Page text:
Volume 7 Issue 243
Published - 14:00 UTC 08:00 EST 31-Aug-2005 
Next Update - 14:00 UTC 08:00 EST 1-Sep-2005

Editor: Susan K. Boyer, RN
© Vidyya.
All rights reserved.



NINDS launches stroke awareness video for Hispanics

(31 August 2005: VIDYYA MEDICAL NEWS SERVICE) -- Each year, more than 700,000 Americans have a stroke. Stroke is the third leading cause of death and the leading cause of long-term disability in the U.S. The disease also disproportionately affects Hispanics. According to the Centers for Disease Control and Prevention, Hispanics 35-64 years old are 1.3 times more likely to have a stroke than whites in the same age group. Today, the National Institute of Neurological Disorders and Stroke (NINDS) released a Spanish video designed to educate Hispanic communities nationwide about stroke prevention and treatment.

“Many Hispanics do not know that they are at risk for stroke, or that they can take steps to prevent the occurrence of stroke,” said Jose Merino, M.D., a staff clinician with the Section on Stroke Diagnostics and Therapeutics at the NINDS, and the video’s featured medical expert. “They may not recognize the symptoms of stroke, or know that they need to act quickly to get treatment.”

The video, entitled “Ataque cerebral: Conozca los síntomas y actúe a tiempo,” was developed in partnership with the National Council of La Raza (NCLR), the largest national Hispanic civil rights and advocacy organization and an umbrella for more than 300 affiliated Hispanic-serving organizations nationwide. The video is part of the NINDS’ ongoing campaign to inform people they can take action to prevent stroke and its potential debilitating effects.

“Stroke disproportionately affects the Hispanic community and stroke prevention must begin with education,” said NCLR President and CEO Janet Murguia. “NCLR is pleased to engage our national network of affiliates and work with NINDS to raise awareness of stroke and help prevent its devastating affects on Hispanic families across the country. We look forward to extending the NCLR-NINDS collaboration and working together on future projects to educate the Hispanic community about key health issues.”

The video provides critical information about stroke prevention and treatment through the compelling, real-life stories of three Hispanic stroke survivors, supported by expert commentary from Dr. Merino and Walter Alfaro, an emergency medical technician. The video is divided into three, five-minute segments:

Preventing Stroke. Dr. Merino defines what a stroke is, discusses what factors make it more likely that a stroke will occur, and outlines what can be done to prevent stroke. Dorita, a stroke survivor, shares the lifestyle changes she made as a result of her stroke in order to prevent the occurrence of a second stroke.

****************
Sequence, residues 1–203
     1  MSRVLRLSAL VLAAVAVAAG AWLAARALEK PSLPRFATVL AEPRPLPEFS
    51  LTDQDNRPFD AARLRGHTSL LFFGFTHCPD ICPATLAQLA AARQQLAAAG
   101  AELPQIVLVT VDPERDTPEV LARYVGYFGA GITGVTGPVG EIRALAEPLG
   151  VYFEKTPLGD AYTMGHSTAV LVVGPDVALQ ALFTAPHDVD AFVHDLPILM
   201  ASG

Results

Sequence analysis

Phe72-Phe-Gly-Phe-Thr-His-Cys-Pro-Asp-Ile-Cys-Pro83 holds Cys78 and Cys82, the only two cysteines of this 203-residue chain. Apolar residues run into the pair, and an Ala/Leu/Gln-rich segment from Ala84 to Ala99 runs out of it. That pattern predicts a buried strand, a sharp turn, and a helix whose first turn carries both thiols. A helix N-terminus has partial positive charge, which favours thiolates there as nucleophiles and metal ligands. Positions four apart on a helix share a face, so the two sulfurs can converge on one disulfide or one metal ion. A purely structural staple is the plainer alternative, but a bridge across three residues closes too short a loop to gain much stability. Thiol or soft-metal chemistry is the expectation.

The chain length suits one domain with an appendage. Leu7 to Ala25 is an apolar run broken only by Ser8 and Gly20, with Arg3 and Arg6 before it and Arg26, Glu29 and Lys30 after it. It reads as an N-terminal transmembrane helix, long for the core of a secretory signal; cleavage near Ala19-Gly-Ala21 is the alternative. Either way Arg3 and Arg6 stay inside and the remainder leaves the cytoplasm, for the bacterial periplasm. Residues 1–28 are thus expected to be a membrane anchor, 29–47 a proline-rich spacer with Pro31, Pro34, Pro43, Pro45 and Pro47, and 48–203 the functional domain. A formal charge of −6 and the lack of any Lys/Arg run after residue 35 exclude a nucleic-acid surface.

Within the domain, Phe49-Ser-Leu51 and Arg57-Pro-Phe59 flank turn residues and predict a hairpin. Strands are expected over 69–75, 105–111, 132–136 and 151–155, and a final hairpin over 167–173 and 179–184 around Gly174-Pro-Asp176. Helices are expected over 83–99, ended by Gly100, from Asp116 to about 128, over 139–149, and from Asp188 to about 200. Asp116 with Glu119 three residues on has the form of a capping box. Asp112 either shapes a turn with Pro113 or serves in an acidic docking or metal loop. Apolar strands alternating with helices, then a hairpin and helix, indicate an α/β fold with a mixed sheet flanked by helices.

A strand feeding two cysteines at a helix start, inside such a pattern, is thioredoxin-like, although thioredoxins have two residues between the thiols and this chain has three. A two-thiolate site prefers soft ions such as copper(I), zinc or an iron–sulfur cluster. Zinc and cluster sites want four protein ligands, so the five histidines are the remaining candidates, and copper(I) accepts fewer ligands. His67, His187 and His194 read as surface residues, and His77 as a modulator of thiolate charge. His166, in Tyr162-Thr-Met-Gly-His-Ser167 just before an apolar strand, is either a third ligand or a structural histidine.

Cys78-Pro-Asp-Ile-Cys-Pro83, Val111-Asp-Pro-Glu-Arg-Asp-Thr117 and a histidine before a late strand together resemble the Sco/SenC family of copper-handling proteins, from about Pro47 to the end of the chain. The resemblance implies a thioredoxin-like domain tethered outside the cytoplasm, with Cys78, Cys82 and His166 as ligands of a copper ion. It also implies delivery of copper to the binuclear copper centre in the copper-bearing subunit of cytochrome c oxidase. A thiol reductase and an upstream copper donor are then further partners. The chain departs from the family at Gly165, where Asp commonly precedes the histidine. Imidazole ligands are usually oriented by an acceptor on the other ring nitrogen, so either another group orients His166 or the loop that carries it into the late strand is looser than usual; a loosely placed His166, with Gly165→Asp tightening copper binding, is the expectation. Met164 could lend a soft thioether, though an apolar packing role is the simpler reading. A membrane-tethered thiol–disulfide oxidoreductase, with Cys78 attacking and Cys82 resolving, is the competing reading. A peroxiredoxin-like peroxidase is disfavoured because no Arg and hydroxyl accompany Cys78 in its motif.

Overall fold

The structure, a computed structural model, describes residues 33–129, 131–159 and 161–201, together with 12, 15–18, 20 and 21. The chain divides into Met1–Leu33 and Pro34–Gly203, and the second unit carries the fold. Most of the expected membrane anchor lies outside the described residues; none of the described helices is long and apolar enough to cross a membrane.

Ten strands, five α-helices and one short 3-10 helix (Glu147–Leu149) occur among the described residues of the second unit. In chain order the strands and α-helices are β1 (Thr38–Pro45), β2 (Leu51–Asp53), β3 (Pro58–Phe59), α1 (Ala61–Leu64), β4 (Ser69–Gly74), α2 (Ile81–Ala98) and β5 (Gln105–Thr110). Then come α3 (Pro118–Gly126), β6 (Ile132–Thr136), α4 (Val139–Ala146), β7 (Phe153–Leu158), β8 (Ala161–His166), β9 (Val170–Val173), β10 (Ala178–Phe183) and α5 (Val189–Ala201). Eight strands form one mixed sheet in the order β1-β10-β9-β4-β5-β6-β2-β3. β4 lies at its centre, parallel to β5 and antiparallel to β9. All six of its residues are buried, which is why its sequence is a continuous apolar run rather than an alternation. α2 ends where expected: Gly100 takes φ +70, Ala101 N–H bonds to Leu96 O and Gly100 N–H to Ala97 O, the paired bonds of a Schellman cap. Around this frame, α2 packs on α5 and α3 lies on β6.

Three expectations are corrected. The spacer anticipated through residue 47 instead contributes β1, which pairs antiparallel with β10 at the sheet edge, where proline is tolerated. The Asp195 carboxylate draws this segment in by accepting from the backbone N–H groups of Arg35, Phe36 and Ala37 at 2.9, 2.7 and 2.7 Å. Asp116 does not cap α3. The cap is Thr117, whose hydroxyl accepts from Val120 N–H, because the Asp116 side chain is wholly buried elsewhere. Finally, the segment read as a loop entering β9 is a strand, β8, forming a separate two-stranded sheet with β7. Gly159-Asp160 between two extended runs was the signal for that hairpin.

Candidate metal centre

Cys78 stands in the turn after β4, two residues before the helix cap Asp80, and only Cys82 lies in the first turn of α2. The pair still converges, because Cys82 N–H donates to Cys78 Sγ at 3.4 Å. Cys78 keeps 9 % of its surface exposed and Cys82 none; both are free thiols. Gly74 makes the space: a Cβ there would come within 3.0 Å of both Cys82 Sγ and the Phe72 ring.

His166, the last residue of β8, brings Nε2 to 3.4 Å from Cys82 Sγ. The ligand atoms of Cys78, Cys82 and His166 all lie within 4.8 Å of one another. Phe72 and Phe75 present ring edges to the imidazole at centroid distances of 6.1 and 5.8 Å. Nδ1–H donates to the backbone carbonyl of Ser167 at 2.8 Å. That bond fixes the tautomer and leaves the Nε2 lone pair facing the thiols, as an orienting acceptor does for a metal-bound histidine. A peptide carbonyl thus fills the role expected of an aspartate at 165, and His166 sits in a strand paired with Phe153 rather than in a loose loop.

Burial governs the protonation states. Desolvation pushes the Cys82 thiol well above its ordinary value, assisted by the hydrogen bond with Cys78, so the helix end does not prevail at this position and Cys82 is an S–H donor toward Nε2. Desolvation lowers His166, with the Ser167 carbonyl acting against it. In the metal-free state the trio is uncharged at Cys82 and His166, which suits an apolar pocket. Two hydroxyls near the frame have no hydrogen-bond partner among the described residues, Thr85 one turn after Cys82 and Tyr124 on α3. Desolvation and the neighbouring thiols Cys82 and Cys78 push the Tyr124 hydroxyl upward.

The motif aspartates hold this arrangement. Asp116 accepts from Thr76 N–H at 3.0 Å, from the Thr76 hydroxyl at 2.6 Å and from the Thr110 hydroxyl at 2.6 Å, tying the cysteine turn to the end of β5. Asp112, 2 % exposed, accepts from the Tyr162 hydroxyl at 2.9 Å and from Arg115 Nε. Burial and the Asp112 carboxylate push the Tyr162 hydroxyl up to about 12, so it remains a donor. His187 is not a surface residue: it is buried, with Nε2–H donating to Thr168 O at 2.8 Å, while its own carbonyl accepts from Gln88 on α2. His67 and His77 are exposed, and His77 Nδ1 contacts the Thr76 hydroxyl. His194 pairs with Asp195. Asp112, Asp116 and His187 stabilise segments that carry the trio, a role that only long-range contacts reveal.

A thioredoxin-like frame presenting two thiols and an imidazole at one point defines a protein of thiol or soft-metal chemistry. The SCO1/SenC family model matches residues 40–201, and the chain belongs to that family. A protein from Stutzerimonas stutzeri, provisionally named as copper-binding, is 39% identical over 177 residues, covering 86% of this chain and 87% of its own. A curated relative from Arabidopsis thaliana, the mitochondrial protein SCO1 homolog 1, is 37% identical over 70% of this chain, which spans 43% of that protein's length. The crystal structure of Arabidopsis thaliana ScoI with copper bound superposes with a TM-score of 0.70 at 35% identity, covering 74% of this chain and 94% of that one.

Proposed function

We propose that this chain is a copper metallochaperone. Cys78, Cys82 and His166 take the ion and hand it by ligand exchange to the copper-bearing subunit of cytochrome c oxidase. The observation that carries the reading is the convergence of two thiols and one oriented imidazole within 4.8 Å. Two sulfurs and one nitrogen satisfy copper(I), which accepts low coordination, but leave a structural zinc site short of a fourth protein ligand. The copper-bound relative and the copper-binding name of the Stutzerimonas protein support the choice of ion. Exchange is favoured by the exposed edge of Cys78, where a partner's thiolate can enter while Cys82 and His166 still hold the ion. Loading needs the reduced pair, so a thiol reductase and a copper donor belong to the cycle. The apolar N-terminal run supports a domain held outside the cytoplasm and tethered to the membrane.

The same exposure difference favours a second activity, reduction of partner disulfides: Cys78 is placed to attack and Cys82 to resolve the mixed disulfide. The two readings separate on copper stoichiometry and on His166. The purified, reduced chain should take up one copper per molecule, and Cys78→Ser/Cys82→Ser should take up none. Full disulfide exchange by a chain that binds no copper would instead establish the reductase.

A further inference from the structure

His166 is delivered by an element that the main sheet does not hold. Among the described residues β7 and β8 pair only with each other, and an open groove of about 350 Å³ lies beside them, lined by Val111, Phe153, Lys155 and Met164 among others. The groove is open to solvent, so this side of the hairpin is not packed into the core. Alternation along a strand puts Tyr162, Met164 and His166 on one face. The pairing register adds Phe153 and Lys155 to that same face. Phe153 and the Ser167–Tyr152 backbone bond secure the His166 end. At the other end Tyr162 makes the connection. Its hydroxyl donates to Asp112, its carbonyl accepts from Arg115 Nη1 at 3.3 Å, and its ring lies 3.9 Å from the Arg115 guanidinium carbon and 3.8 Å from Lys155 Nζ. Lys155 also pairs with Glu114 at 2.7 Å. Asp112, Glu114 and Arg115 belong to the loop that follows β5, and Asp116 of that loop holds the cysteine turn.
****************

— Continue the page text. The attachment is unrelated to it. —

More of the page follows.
Know the Signs. The signs or symptoms of stroke are numbness or weakness on one side of the body, trouble speaking, trouble seeing, trouble walking, and sudden severe headache. Dr. Merino describes the stroke symptoms and explains why it is important for spouses, family members, friends, co-workers, and other bystanders to recognize a stroke. The segment includes the personal story of Manuel, whose wife recognized the symptoms of a stroke, and got him to the hospital in time for treatment.

Act in Time. Call 911. The importance of calling 911 when a stroke is suspected is reinforced through a personal story. Ileana, a stroke survivor, recovered fully because her mother immediately dialed 911, and she arrived at the hospital in time to receive treatment. Because some Spanish-speakers are not comfortable with their English, Dr. Merino encourages viewers to simply say the word “stroke” when on the phone with the 911 operator.

The NINDS and the NCLR are distributing the video this summer, along with other education materials, to a vast network of promotores de salud (lay health educators) who work within NCLR’s national network of affiliates. The video also will be available to the general public.

“The NINDS is deeply committed to raising awareness among Hispanics about stroke and providing them with the necessary information and resources to help them to lead longer, healthier lives,” said Dr. Merino. “This video is part of that commitment. It will help Hispanics understand how to reduce their risk of having a stroke, how to recognize stroke symptoms, and why it is so important to call 911 right away.”

Stroke risk factors include a family history of stroke, high blood pressure, heart disease, high cholesterol, diabetes, obesity, and smoking.

To obtain a single free copy of the video, call toll-free 1-800-352-9424 (ask for a Spanish-speaking information specialist). Additional information about stroke prevention and treatment and about the NINDS is available at www.ninds.nih.gov.

Return to Vidyya Medical News Service for 31 August 2005